Wednesday, March 16, 2011

“Podcasting and Performativity: Multimodal Invention in an Advanced Writing Class” by Leigh A. Jones

Jones, Leigh A. “Podcasting and Performativity: Multimodal Invention in an Advanced Writing Class.” Composition Studies 38.2 (2010): 75-91. Print.

This essay offers a look at an innovative strategy one instructor used in a writing course, but one that could easily be adapted to most courses. Jones had her students create a podcast as part of the writing process for a research paper. She argues that the technique can “help alleviate the counter-productive anxiety that many students feel” at the start of a major writing assignment (78). Basically, she asked her students to pair up to write and record “a short, five minute mp3 file that would educate the class about a current controversial news issue they planned to write about over the course of the semester” (83). These podcasts were then played in class and discussed. She hoped that students would be able to use the podcasts as a means of narrowing their research topics and she was pleased with the results. Her findings dovetail nicely with some recent research in composition studies that suggests that having students talk about their writing helps them produce better documents (some research has even suggested that students discussing their writing with one another informally actually has the greatest effect), though she thinks that having the students polish the talking in the form of a podcast helped the students develop a sense of authority in addition to further honing their composition skills. Her technique could easily be adapted to many courses here and, of course, podcasting can itself be a form of writing if scripts are involved, and might be a useful alternative in and of itself to a conventional writing assignment.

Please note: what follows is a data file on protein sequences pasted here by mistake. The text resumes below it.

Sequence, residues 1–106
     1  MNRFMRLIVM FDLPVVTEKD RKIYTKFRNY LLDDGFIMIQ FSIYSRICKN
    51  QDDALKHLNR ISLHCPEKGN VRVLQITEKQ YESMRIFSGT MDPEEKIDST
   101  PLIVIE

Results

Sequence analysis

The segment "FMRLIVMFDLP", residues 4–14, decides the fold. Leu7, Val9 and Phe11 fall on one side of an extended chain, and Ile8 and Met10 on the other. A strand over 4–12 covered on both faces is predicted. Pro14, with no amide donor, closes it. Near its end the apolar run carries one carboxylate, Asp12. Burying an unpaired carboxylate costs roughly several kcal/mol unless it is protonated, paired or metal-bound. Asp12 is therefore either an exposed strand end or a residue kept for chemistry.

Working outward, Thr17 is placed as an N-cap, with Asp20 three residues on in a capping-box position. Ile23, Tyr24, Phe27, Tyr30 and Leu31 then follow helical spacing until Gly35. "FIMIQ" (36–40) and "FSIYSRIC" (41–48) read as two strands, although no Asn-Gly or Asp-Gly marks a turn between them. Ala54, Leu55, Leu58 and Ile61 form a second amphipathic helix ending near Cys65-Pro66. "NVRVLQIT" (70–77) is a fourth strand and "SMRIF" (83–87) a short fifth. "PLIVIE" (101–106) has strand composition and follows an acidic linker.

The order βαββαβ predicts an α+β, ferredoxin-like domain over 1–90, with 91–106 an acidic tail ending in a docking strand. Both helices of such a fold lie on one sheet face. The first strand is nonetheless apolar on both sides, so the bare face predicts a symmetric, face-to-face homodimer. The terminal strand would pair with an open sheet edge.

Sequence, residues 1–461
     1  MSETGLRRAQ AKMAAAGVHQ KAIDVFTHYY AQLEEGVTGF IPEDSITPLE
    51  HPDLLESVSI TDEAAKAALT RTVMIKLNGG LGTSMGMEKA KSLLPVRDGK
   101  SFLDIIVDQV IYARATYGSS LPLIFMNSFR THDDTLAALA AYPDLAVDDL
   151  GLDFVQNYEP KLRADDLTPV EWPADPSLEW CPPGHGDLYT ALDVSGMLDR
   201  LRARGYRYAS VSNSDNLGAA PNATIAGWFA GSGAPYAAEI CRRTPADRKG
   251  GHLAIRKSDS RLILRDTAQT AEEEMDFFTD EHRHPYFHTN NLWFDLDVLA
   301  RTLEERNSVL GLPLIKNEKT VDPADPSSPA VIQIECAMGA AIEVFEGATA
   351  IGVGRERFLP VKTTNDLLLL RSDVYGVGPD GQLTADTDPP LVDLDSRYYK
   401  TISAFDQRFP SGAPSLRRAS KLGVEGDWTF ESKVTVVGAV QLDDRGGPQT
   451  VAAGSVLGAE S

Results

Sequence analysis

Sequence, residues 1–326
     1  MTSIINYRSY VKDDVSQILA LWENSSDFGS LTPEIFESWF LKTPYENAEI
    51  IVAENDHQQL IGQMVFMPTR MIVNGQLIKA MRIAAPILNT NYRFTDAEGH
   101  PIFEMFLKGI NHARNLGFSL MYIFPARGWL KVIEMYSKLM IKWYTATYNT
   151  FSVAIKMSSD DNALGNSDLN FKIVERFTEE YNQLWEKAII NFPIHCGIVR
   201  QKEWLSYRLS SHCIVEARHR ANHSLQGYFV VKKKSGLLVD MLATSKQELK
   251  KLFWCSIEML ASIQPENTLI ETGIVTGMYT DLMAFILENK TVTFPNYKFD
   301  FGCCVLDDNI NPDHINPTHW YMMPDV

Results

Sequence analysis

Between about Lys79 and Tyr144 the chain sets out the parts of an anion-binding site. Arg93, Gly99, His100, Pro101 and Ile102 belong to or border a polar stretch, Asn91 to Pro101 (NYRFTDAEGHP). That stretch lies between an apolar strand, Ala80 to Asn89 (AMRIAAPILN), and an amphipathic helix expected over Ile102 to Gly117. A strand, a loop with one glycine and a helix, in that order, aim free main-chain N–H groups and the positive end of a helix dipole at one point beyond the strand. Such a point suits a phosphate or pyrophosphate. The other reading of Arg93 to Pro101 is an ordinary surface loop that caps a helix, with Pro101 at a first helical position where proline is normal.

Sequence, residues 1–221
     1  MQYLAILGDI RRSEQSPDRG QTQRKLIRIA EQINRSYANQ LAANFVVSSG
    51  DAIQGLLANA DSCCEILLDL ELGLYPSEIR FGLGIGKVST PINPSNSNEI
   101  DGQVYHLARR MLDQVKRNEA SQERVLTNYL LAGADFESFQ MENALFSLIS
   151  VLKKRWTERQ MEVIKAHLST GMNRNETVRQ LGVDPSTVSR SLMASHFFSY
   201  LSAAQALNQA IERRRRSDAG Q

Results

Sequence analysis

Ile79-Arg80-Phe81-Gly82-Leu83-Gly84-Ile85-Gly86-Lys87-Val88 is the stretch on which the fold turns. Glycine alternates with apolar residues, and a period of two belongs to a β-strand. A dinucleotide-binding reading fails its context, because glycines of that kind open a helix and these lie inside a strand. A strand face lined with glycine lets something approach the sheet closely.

The essay can be found in our writing instruction library in the Ursuline Studies Program office (Mullen 318).

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